51 F.3d 276
UNITED STATES of America, Plaintiff-Appellee,
Josef VIERECKL, Defendant-Appellant.
United States Court of Appeals, Seventh Circuit.
Submitted April 4, 1995.*
Decided April 6, 1995.
NOTICE: Seventh Circuit Rule 53(b)(2) states unpublished orders shall not be cited or used as precedent except to support a claim of res judicata, collateral estoppel or law of the case in any federal court within the circuit.
Before POSNER, Chief Judge, and FAIRCHILD and KANNE, Circuit Judges.
In 1991, Josef Viereckl was convicted of five counts of tax evasion and five counts of failure to file federal tax returns. See 26 U.S.C. Secs. 7201, 7203. He did not appeal his conviction. In 1994, Viereckl filed a motion with the district court requesting the transcripts of the grand jury proceedings. The district court denied the motion and the motion to reconsider without explanation. Viereckl appealed, and we now affirm.
The government argues that because Viereckl's right to challenge his conviction via direct appeal has long since expired, the district court was without jurisdiction to entertain the motion. We disagree.
Pursuant to Federal Rule of Criminal Procedure 6(e)(3)(C)(i) and (D), a petition for disclosure of matters occurring before the grand jury may be filed with the district court where the grand jury convened. Disclosure may be made "when so directed by a court preliminarily to or in connection with a judicial proceeding." Fed.R.Crim.P. 6(e)(3)(C)(i). The language of the rule does not limit disclosure of grand jury testimony solely for use in criminal trials following the return of indictments by the grand jury.1 In fact, much of the case law discussing Rule 6(e) concerns disclosure requests for use of the grand jury transcripts in cases related to, but not directly ensuing from a grand jury indictment. United States v. Baggot, 463 U.S. 476 (1983) (after defendant pleaded guilty to misdemeanor violations, United States moved for disclosure of grand jury transcripts to determine the defendant's civil income tax liability); Douglas Oil Co. v. Petrol Stops Northwest, 441 U.S. 211 (1979) (plaintiffs in civil antitrust action petitioned for disclosure of grand jury transcripts involving previous criminal investigation which led to the conviction of the defendants); State of Wisconsin v. Schaffer, 565 F.2d 961 (7th Cir.1977) (accused in Wisconsin criminal prosecution sought federal grand jury transcripts relating to the same murder with which she was charged in state court). Accordingly, we conclude that the district court had jurisdiction over Viereckl's request. See also United States v. Miramontez, 995 F.2d 56 (5th Cir.1993) (defendant's request for grand jury transcripts, which followed the affirmation of his conviction on direct appeal and the denial of postconviction relief, was civil in nature; request denied on the merits). We have jurisdiction over this appeal because the district court's decision constitutes a final decision pursuant to 28 U.S.C. Sec. 1291. Schaffer, 565 F.2d at 965 n. 1 (an order denying a petition, based on Rule 6(e), which resolves all of the issues in the case is appealable as a final decision of the district court).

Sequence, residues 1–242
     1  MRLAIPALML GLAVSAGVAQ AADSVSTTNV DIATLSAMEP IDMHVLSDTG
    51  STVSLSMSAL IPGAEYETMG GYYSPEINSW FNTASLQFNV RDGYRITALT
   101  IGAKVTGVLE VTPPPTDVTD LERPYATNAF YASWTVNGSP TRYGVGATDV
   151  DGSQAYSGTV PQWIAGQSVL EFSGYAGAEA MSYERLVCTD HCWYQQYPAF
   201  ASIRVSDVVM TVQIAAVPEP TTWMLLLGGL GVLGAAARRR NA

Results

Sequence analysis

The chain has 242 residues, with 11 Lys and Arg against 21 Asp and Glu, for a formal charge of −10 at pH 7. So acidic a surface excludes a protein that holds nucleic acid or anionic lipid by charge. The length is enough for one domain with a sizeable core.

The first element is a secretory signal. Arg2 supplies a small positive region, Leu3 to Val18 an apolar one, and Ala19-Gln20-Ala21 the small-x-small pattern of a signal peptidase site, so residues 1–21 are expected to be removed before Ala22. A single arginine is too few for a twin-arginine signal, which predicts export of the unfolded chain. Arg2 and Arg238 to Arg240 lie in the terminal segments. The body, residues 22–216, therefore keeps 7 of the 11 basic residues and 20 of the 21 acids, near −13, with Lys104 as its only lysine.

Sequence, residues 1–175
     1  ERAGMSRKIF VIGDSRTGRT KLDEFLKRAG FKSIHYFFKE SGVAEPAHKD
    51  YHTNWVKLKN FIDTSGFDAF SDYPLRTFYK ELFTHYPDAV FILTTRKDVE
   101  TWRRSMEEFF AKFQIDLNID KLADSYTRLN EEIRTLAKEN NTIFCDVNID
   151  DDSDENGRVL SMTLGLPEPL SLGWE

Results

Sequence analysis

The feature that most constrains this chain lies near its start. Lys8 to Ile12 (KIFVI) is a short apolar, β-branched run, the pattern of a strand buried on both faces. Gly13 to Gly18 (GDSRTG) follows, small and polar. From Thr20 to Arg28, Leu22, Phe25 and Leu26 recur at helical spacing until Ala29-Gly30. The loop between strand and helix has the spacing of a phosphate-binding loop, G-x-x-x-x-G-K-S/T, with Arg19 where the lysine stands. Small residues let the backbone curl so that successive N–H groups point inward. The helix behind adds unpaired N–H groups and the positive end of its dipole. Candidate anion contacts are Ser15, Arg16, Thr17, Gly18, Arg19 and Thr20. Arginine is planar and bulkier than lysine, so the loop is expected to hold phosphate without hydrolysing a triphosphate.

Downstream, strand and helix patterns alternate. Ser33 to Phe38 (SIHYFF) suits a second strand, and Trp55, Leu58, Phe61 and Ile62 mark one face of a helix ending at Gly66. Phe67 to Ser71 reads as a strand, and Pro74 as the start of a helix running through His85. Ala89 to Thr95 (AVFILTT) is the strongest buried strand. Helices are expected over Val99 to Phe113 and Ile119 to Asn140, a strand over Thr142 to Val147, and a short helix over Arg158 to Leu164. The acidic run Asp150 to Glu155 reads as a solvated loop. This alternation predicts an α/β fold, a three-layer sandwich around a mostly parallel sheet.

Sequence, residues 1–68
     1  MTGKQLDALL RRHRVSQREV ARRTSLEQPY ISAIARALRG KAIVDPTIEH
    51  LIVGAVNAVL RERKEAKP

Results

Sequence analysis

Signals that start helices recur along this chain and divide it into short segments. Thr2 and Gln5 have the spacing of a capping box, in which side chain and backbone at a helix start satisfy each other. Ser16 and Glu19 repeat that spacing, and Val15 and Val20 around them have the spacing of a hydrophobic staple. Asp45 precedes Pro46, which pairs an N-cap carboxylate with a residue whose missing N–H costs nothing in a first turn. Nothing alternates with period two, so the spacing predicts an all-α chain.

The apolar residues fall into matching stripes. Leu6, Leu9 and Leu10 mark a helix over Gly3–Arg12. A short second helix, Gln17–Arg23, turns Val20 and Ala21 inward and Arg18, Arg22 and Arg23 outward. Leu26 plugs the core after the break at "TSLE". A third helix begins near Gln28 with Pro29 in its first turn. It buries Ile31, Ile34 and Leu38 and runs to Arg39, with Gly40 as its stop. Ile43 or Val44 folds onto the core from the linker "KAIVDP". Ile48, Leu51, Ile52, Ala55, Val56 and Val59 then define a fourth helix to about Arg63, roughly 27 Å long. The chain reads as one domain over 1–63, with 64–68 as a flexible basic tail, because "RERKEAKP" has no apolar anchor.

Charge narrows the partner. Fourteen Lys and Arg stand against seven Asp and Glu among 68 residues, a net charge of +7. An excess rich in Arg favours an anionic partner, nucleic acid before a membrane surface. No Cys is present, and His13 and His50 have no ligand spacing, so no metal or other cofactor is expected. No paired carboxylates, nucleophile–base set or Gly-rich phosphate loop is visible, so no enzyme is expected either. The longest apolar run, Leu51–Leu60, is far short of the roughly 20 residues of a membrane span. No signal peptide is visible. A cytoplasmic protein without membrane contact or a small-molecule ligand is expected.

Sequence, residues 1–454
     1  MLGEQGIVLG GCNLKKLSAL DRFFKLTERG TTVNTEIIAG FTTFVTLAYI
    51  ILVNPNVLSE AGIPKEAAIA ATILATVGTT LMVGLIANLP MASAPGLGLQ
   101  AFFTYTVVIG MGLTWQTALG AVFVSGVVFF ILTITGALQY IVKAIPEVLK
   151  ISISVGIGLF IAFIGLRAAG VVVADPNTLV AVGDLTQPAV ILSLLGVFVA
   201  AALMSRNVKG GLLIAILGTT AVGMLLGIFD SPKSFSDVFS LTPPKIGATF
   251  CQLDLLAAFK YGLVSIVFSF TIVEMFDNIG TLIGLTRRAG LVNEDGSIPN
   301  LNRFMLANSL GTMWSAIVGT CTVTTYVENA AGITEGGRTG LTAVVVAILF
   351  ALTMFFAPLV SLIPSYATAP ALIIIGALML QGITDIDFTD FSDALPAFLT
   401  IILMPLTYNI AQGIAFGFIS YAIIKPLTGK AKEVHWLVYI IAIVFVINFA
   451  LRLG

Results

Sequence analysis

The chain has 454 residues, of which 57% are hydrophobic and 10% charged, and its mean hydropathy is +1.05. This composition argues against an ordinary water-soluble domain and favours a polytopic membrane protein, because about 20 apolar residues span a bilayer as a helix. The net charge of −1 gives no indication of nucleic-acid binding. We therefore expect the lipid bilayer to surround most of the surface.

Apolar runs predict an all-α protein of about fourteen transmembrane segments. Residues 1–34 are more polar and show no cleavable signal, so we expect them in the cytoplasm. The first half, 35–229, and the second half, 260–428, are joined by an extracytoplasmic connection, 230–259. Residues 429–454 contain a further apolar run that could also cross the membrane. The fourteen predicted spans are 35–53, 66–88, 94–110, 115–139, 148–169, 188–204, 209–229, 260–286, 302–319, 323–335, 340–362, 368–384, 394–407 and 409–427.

Nonetheless, Viereckl's motion was properly denied. To preserve the proper functioning of the grand jury system, the proceedings have traditionally been veiled in secrecy which may be broken only through a showing of compelling need. Douglas Oil, 441 U.S. at 218-19. Specifically, the petitioner must show that the use of the disclosed material will be "related fairly directly to some identifiable litigation, pending or anticipated," and that there is a particularized need for the material. Baggot, 463 U.S. at 479-80. Viereckl has not made either showing.
Although the remedy of postconviction relief may still be available to Viereckl, neither his request to the district court nor his appellate brief makes any mention of his intention to pursue such relief or to initiate any other type of litigation. More importantly, however, Viereckl fails to demonstrate that the material is needed to avoid a possible injustice, that the need for disclosure is greater than the need for continued secrecy, and that his request is structured to cover only the material that is needed. Douglas, 441 U.S. at 222. In his appellate brief, Viereckl merely predicts that the transcripts will show that an error occurred in the grand jury proceedings. Bald allegations of prosecutorial misconduct and a general assertion that "[i]n the minds of many ... the Grand Jury ... is now little more than a rubber stamp for the prosecution" without any attempt to relate his need for the transcripts to the facts of his case is simply inadequate.
After preliminary examination of the briefs, the court notified the parties that it had tentatively concluded that oral argument would not be helpful to the court in this case. The notice provided that any party might file a "Statement as to Need of Oral Argument." See Fed.R.App.P. 34(a); Cir.R. 34(f). None of the parties filed such a statement, and therefore the appeal is submitted on the briefs and the record
Cf. Fed.R.Crim.P. 6(e)(3)(C)(ii) (allowing disclosure when permitted by a court at the request of the defendant upon a showing that grounds may exist for a motion to dismiss the indictment because of matters occurring before the grand jury)